By Naseem Javed
With some one thousand theme-based-cities being developed at a phenomenal rate here in the Middle East, the branding and name identities of such projects become nightmares. As in size, except a very few, they range between a few acres to even a single large dwelling. Now this requires a new definition of the term 'city' so not to confuse the customers with other traditional metropolises. For example, the introduction of Dubai Media City has become great success story, which extends the souk concept to its infinite extremes. But with the emerging jigsaw of cities, it will make it difficult to distinguish among similar overlapping-city themes. Innovation, manufacturing, industrial, transportation, technology, logistics or metals somehow overlap too much. Soon, there could also be Furniture City, Food City, Book City parked within People city. Like The Babushka dolls, cities into cities. A serious battle of image, name-identity and brand positioning rages.
Concept versus word
The city as an idea is great. It demands though huge acreage with structural development with all the other support infrastructure to create the likes of a miniature city. The naming concept has serious pre-requisites. It has to be large enough to create a critical mass about a particular theme, and rich enough for the customer to have serious reasons for repetitive visits. But the word 'city' in itself communicates something along the lines of New York, Toronto, Paris or Kolkata. Those are different than tens of thousands of little shopping marts all over the world, named after whatever they seem to specialize in: Sport City, Pizza City, Computer City, Carpet City , Toy City, Silk City or Gold City. Normally this term may also be perceived as a large specialty store with good variety, under fluorescent lights and sold at cheaper prices. So, does this explain why there are so many close-outs and mega branding failures? Beware. Customers won't be fooled by fake branding names.
Any generic theme like 'Toy' attached to the word 'city' will ensure that its identity is lost among the thousands of equally-watered-down projects with equally similar identities. Does this mean that now these cities should be called 'Toy Country' 'Toy Continent' or even 'Toy World'? No. But creating a stronger brand is accomplished through building a unique experience for the place.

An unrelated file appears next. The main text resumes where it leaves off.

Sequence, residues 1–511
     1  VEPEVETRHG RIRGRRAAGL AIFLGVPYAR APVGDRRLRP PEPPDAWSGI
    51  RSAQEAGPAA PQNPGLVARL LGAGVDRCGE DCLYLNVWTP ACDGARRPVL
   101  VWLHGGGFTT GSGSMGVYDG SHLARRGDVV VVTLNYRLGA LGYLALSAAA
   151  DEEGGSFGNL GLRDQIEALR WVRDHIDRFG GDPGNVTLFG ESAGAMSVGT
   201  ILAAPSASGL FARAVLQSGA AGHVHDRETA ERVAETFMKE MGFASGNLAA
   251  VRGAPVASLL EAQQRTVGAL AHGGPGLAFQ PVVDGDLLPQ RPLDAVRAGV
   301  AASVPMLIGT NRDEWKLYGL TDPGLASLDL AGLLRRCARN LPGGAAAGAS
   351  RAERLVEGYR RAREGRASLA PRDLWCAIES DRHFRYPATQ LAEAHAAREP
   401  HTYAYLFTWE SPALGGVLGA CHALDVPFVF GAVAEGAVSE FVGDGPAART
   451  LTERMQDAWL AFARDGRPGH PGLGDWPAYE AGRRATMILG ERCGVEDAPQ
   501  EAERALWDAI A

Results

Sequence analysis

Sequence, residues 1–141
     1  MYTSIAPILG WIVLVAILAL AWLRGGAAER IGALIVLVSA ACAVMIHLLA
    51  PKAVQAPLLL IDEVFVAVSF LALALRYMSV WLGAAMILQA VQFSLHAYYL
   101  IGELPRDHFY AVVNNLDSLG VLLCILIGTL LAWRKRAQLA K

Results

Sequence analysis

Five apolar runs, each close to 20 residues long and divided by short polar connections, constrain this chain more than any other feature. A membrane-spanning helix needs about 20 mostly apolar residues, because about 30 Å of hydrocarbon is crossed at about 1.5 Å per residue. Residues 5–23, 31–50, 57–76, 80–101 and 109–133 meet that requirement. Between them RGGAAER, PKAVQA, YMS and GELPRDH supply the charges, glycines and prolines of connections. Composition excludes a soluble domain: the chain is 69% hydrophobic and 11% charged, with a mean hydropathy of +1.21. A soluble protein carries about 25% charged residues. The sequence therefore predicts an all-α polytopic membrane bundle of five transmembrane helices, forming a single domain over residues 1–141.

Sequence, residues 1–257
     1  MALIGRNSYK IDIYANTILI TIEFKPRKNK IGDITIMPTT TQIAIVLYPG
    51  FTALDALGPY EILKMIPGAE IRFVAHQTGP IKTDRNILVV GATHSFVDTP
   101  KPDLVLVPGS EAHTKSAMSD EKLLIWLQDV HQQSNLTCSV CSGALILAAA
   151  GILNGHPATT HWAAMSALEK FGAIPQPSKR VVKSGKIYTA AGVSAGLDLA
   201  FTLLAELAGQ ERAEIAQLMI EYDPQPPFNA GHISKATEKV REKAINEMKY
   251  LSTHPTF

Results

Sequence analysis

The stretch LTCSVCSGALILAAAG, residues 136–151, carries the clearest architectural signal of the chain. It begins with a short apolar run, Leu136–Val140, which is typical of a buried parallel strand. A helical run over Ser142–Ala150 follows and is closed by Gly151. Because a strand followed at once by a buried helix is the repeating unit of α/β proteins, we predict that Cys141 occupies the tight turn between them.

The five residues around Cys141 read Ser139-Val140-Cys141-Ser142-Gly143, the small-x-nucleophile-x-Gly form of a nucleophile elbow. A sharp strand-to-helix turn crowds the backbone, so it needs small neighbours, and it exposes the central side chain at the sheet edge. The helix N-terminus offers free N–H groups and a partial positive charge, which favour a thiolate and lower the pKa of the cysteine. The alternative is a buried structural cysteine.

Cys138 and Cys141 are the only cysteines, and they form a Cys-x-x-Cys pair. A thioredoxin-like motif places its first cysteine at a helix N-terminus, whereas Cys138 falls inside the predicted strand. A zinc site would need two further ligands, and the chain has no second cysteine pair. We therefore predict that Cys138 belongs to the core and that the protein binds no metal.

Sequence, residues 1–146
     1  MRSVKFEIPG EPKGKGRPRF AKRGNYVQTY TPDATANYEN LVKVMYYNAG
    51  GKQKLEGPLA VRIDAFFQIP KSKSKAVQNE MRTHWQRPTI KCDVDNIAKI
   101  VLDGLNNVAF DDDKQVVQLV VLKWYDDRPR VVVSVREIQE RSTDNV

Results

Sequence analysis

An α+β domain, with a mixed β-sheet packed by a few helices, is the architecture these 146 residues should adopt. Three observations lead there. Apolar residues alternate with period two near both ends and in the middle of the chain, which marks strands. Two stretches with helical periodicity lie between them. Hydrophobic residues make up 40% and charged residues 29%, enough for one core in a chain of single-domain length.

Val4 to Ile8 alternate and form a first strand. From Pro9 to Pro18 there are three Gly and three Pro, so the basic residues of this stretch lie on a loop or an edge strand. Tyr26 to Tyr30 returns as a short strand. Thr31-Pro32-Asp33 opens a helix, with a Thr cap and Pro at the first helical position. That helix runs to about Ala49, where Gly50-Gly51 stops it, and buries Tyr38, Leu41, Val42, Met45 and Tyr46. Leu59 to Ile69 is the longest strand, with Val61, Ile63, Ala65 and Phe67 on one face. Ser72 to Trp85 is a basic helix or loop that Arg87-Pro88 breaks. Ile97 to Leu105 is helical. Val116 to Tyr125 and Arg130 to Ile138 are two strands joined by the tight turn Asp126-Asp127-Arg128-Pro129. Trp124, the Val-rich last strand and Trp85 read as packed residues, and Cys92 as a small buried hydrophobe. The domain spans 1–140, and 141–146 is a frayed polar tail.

For example, customers have never experienced, a Toy City, where they were escorted in long train rides ushered by gnomes while crossing distances over immaculate gardens, lakes and mountains with year-round rainbows, as toys dance around in a scene to the orchestral treat from the Nutcracker Suite. If you have a super 'city' brand, then let the whole world see it. If you have an absolute 100 per cent ownership of a brand, prove it.
Today, 95 per cent of brands in the Middle East do not have full ownership. They may have huge logos, unique designs, colourful executions, banners and billboards, but as long as there are far too many identical and similar name-identities all over the marketplace, the issue of 100 per cent ownership stays behind. Global icons like Sony, Rolex, or PlayStation are 100 per cent owned, and all over the world there is absolutely no confusion about this whatsoever. Therefore without an iron-clad ownership of the name identity, the entire advertising and marketing is nothing but an uphill losing battle. Also why copy western names, when their already famous themes and global icons will eventually make this region nothing but a distorted copy of a loosely-disconnected Disneyland?
Finally, the real-estate branding in the Middle East is at an elementary stage. Now with intense competition it is going to jump out from all kinds of generic and dictionary name-identities to an advanced stage of proper world-class corporate nomenclature.
The best approach is play the image and name identity game under the laws and rules of naming. Branding city, no thanks.
Naseem Javed is recognized as a world authority on Corporate Image and Global Cyber-Branding. Author of Naming for Power , he introduced The Laws of Corporate Naming in the 80's and also founded ABC Namebank International www.abcnamebank.com a consultancy established in Toronto and New York a quarter century ago. Currently, Naseem is on a lecture tour in Asia and can be reached at email@example.com
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Status: 01. Juli 2015